Thrupp is the home of boats, Muddy Waters and Jolly, of the book fame and are targeted at the family with children. I just wondered what they would be saying to one another moored here at Thrupp Wide.
Somebody in Thrupp has decided that their road signs, posts, and water supply need to be kept warm over the winter as they have knitted woollen covers for them.
This morning we decided to take a bus trip to the village of Deddington where June’s sister had a stall at the Farmers Market on the 4th Saturday of each month. It is a nice looking Cotswold village but did not have much happening there so after a walk around the village we had a coffee in the local Cafe come deli, visited the Co-op for some provisions and caught the next bus back to the boat. We met an interesting couple at the bus stop and had a great chat about the village and the people who lived there. The gentleman had been involved with race horses for most of his working life and their children were into hunting and horse riding. Their daughters last horse had been struck by lightening whilst in the field and died due to it having metal shoes.
Having returned to the boat early we decided to have lunch at Annies Cafe next to the Lift bridge as a couple we had met off another boat had recommended it. We had home made cheese scones with cheddar cheese and salad and they were lovely. The cafe was busy all the time we were their with local and foreign visitors.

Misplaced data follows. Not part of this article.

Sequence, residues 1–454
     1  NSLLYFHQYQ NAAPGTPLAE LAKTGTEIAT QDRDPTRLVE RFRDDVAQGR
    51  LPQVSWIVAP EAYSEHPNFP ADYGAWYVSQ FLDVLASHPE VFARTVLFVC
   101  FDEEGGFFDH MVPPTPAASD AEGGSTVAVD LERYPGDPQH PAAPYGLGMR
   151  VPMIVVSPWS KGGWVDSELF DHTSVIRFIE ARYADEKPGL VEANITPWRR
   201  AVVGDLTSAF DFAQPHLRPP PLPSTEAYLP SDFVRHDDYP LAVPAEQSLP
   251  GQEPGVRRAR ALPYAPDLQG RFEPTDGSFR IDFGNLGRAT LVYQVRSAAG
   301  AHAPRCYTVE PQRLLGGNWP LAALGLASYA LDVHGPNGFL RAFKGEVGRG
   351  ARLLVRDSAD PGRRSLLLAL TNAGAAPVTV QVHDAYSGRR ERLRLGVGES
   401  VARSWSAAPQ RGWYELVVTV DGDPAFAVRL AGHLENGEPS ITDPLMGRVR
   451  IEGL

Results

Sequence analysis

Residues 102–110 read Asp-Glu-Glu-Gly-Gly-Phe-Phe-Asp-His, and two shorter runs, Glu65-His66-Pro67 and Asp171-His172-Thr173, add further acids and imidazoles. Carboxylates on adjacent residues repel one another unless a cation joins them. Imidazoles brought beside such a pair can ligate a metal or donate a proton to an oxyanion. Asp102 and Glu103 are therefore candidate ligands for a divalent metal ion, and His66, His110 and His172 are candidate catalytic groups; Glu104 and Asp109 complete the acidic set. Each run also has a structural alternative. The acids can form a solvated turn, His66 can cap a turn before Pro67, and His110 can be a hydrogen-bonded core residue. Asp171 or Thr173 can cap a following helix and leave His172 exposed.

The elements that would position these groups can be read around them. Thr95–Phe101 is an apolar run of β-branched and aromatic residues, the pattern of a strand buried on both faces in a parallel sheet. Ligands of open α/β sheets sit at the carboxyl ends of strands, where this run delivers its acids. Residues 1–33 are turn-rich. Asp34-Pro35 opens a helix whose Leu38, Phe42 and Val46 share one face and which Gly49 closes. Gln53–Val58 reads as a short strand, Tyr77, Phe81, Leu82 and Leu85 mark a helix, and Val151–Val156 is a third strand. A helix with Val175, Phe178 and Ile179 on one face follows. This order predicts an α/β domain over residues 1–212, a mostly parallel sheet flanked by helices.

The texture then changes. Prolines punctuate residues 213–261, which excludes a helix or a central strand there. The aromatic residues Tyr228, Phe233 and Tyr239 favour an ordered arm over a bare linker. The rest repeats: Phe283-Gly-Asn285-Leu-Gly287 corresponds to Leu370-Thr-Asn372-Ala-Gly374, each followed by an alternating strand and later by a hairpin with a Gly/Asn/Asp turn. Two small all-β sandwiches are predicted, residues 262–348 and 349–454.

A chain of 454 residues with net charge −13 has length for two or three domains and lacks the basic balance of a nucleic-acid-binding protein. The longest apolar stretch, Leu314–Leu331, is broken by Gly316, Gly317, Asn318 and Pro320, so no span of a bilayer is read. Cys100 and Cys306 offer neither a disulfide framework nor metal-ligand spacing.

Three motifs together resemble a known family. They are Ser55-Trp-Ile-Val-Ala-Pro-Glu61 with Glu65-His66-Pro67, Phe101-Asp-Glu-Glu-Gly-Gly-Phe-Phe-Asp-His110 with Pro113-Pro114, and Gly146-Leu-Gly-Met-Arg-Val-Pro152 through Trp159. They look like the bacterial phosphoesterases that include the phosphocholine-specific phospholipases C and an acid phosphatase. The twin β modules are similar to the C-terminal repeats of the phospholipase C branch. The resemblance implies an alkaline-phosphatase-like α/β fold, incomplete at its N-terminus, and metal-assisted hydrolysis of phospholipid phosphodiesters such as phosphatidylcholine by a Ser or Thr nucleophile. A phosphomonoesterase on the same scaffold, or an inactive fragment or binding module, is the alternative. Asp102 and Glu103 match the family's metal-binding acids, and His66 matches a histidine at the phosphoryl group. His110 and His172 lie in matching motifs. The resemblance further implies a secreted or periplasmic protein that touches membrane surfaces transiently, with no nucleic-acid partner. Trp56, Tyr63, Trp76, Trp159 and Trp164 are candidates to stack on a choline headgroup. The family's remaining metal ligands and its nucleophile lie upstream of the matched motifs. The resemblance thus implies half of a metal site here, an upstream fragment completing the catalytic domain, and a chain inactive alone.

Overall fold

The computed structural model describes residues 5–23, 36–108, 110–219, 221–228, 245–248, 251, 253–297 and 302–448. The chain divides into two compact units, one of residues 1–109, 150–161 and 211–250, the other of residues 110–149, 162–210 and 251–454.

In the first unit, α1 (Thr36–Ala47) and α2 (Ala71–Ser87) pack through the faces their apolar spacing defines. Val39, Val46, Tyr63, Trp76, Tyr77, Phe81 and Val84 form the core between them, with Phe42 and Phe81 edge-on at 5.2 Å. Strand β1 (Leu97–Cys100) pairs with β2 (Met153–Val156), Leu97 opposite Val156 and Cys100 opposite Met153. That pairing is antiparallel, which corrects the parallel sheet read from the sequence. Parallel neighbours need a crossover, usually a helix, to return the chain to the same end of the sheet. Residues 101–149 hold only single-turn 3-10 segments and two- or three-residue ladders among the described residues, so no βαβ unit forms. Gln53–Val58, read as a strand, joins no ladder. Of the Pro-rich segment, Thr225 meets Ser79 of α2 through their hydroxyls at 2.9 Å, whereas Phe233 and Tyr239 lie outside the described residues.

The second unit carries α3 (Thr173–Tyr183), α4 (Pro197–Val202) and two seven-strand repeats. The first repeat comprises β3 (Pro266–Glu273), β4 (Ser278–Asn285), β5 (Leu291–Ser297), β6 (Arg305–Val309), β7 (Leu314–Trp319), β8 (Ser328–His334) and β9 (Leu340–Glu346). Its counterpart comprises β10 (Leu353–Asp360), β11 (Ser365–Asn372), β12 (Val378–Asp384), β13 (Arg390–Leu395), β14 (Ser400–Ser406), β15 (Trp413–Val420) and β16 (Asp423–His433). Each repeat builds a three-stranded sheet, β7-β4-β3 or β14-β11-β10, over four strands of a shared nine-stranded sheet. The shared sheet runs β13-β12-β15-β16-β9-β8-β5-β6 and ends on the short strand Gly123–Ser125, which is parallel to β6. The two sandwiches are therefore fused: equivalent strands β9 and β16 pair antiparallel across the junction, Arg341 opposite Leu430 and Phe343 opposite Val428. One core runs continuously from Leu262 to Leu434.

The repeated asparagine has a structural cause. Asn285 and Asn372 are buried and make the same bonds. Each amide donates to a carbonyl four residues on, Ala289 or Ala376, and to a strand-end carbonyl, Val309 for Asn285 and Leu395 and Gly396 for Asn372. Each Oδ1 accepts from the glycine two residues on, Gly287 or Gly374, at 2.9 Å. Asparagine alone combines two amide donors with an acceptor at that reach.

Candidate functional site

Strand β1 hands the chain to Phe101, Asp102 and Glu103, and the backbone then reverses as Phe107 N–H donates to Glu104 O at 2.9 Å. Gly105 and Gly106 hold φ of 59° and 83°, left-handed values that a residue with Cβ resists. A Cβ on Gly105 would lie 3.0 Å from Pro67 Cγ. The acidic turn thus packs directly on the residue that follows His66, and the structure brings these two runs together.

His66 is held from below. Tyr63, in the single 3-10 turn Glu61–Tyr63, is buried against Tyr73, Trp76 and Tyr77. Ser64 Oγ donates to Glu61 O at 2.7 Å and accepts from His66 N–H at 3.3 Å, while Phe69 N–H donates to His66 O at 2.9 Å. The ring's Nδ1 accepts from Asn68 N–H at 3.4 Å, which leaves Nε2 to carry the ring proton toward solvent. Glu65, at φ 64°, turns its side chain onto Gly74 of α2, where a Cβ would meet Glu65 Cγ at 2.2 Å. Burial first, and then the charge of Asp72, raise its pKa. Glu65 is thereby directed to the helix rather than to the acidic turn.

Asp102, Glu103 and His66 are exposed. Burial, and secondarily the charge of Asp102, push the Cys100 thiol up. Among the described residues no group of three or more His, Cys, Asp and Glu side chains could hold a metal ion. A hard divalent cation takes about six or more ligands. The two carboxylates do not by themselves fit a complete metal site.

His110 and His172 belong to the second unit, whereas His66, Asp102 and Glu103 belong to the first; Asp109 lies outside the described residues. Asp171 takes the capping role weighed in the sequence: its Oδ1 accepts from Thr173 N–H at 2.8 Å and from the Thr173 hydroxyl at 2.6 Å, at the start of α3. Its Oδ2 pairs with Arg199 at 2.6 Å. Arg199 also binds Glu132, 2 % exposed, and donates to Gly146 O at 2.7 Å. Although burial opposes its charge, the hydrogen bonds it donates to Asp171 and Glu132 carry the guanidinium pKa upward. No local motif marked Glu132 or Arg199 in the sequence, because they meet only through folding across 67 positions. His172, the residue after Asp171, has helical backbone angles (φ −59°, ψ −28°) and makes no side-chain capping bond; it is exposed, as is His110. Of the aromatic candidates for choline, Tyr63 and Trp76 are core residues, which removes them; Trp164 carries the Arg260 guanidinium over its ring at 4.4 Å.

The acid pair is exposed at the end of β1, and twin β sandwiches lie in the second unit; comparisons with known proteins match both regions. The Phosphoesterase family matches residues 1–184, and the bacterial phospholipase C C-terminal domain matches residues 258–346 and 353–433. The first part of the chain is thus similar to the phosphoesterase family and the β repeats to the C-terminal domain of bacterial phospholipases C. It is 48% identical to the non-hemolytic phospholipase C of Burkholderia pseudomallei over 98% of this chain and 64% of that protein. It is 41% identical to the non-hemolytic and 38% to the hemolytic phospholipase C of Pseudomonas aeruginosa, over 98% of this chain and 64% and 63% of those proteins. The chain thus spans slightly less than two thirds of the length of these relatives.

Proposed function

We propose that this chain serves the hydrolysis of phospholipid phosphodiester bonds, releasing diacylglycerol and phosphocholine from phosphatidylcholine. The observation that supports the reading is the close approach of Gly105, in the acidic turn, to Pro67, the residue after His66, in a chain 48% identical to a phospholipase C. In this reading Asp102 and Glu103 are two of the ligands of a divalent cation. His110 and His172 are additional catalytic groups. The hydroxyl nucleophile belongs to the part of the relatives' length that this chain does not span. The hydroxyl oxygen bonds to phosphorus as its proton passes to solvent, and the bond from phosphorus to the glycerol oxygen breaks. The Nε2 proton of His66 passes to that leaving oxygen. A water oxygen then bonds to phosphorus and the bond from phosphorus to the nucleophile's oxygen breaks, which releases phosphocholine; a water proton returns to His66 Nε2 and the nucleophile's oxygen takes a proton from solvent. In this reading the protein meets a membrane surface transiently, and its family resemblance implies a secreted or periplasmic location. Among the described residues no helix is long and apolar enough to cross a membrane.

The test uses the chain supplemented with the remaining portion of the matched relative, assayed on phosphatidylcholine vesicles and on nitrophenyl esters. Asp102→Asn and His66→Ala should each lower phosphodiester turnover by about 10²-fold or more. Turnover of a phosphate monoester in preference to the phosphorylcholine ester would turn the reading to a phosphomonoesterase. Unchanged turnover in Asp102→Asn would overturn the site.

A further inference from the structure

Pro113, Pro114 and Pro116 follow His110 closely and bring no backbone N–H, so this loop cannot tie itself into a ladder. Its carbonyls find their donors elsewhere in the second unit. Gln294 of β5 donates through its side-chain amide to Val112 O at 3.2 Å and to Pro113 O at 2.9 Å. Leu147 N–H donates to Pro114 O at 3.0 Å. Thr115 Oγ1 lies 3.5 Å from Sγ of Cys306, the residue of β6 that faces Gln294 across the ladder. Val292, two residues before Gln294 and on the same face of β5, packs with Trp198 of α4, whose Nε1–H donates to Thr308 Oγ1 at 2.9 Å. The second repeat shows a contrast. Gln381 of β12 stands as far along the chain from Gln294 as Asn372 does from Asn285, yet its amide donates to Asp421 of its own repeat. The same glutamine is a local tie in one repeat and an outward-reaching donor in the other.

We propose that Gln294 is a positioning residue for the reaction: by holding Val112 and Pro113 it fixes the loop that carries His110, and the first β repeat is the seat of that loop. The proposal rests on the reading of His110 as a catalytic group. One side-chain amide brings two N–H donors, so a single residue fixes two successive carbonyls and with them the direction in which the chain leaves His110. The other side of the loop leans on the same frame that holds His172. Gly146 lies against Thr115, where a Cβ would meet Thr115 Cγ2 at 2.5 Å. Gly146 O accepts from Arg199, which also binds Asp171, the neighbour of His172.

Later in the afternoon we took Phoenix a long walk around the fields and woods and ended up back on the canal walking up to Shipton Weir Lock where we helped a narrow boat through as the steel offset gate is a devil to open by one person. This is a strange "diamond" shaped lock. The reason I am told for this was to collect as much water as possible from the River Cherwell (which joins the canal at this point). This is a very shallow lock and subsequent ones (heading towards Oxford) are deeper. So, to avoid emptying the canal as boats used the waterways, James Brindley came up with this rather clever idea to get extra water into this lock every time it was used. There is another one further north at Aynho Weir at which point the river crosses the canal at right angles. I am not sure that this is the real reason as why would they have not just put an adjustable weir into the canal from the river which would have ensured a constant flow of water. I would suspect that it was more a case of creating a more stable lock shape in ground next to the river which could be unstable particularly in flood conditions. The fall from the river is also only a few inches and even with the increased width it would not have compensated for the loss of water further down the locks..
Back at the boat we have seen many boats travelling late and looking for moorings, several of them were parties of lads some dressed as pirates and the like, but Thrupp was foll so they would have had to have gone on towards Kidlington.